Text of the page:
Paramedics not washing their hands nearly enough


Forensic pathology workers carry the body of a suspected looter at Mabopane shopping center, north ...
Forensic pathology workers carry the body of a suspected looter at Mabopane shopping center, north of Pretoria, South Africa ,June 23, 2016. REUTERS

Hand hygiene compliance among paramedics may be “remarkably low,” according to a study that monitored ambulance workers in Scandinavia and Australia over six months.

Paramedics tended to wash their hands more often after handling patients than before, and to rely on gloves too much, which suggests they’re thinking more of their own infection risk than of the patient’s risk, the study authors note in the Emergency Medicine Journal.

“‘Emergency medical services’ implies that a high number of invasive procedures are performed outside of controlled hospital environments on a regular basis, potentially leading to an increased risk of infection,” said lead study author Heidi Vikke of the University of Southern Denmark in Odense.

“Also, many of the patients have compromised immunity due to age, morbidity or trauma, and thus are at greater risk of infection,” she told Reuters Health by email.

The World Health Organization (WHO) has recommended hygiene precautions to be taken before and after interacting with patients, the study team notes. They include handwashing before patient contact, before procedures, after possible exposure to bodily fluids, after patient contact and after contact with patient surroundings.

Gloves are recommended only when there is a likelihood of contacting patients’ bodily fluids. WHO also recommends that providers keep their hair short or tied up; their fingernails short, clean and without nail polish; and that they wear no jewelry.

Each country in the study also has its own, similar guidelines, the authors note.

To see how often emergency providers are following these policies, Vikke and colleagues spent 240 hours observing ambulance service workers in Australia, Denmark, Finland and Sweden in 2016 and 2017. Overall, they observed 77 paramedics at work in 87 patient cases and 1,344 instances in which hand hygiene was indicated by the guidelines.

Handwashing occurred seven times, each one after contact with patients. At other times, paramedics used hand sanitizer.

Overall, hand hygiene policies were followed in 15 percent of the instances when the guidelines recommended them, the researchers found.

It happened in 3 percent of the times before patient contact, 2 percent before procedures, 8 percent after risk of exposure to bodily fluids, 29 percent after patient contact and 38 percent after contact with patient surroundings.

Danish paramedics had the highest compliance rate. In addition, gloves were worn during about half of all the hand hygiene opportunities.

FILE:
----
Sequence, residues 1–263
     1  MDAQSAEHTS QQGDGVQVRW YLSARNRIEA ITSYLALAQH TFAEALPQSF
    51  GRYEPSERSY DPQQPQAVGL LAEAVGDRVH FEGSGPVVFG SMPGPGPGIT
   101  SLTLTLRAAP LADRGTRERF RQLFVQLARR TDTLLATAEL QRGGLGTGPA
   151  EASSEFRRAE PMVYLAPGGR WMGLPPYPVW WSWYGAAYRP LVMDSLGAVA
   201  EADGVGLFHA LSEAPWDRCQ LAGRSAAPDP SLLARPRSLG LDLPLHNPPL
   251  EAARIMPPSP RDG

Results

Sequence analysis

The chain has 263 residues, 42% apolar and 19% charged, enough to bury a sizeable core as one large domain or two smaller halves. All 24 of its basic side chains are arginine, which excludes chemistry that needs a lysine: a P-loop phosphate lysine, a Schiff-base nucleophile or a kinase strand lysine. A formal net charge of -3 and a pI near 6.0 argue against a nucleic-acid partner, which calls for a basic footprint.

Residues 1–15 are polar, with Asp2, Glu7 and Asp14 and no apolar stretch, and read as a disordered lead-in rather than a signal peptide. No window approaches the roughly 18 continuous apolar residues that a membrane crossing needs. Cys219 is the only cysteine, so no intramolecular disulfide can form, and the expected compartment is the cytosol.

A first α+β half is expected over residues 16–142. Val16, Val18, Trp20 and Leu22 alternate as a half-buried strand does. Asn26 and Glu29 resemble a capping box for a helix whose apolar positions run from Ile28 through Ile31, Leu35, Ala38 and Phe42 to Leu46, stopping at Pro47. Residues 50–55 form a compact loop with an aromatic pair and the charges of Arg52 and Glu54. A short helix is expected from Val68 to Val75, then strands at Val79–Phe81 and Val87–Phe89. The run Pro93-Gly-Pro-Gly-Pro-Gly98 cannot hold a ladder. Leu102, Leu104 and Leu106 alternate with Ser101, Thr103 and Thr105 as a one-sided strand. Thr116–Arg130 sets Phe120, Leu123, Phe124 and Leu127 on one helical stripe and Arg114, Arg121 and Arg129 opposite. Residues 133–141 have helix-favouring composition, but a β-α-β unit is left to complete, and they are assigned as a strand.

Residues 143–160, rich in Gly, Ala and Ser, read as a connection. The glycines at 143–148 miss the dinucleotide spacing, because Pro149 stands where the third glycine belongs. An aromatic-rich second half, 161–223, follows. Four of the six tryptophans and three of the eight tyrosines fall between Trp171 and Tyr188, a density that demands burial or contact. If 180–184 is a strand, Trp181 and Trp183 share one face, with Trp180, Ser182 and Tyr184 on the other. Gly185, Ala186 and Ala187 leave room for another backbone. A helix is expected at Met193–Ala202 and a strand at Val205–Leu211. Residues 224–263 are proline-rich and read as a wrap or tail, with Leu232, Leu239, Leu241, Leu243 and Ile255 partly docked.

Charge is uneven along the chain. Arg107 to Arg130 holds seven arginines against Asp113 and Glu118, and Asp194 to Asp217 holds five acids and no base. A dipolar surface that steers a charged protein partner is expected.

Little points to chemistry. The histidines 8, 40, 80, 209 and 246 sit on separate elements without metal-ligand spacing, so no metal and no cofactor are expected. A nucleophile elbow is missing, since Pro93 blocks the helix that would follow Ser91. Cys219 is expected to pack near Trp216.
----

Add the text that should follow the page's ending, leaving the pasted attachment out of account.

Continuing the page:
“The use of gloves was a direct obstacle for proper hand hygiene,” Vikke said. “They continued to wear the same pair of gloves throughout several indications for hand hygiene, potentially transferring microbes across the ambulance environment, patient and equipment.”

Interestingly, 99 percent of paramedics adhered to the personal hygiene rules about their own hair and fingernails.

Vikke and colleagues have also surveyed paramedics in the four countries about hand hygiene perceptions and the barriers to compliance. They recommend that emergency medical services management provide access to hygiene supplies such as pre-soaked wipes and pocket-sized hand rubs.

“The public should expect the same level of hygiene or infection prevention within EMS as it does for any other health organization,” said Nigel Barr of the University of the Sunshine Coast in Sippy Downs, Australia, in an email.

Barr, who wasn’t involved in the study, added, “It is OK for EMS to say we are different so that we can develop suitable methods of infection control for our work setting, but not to excuse ourselves from the responsibility.”

“Human nature being what it is, we know that we are not great at simple, self-protective behaviors,” said Dr. Jeffrey Ho of the University of Minnesota Medical School in Minneapolis, who wasn’t involved in the study.

“Things such as hand hygiene and wearing eye protection to avoid fluid exposures are such easy things to do, but of course, they are the first things that we forget when we are stressed, sleep deprived, time crunched and under duress,” he said by email. “Hand hygiene is for everyone, and it’s the right thing to do for yourself and many people around you.”

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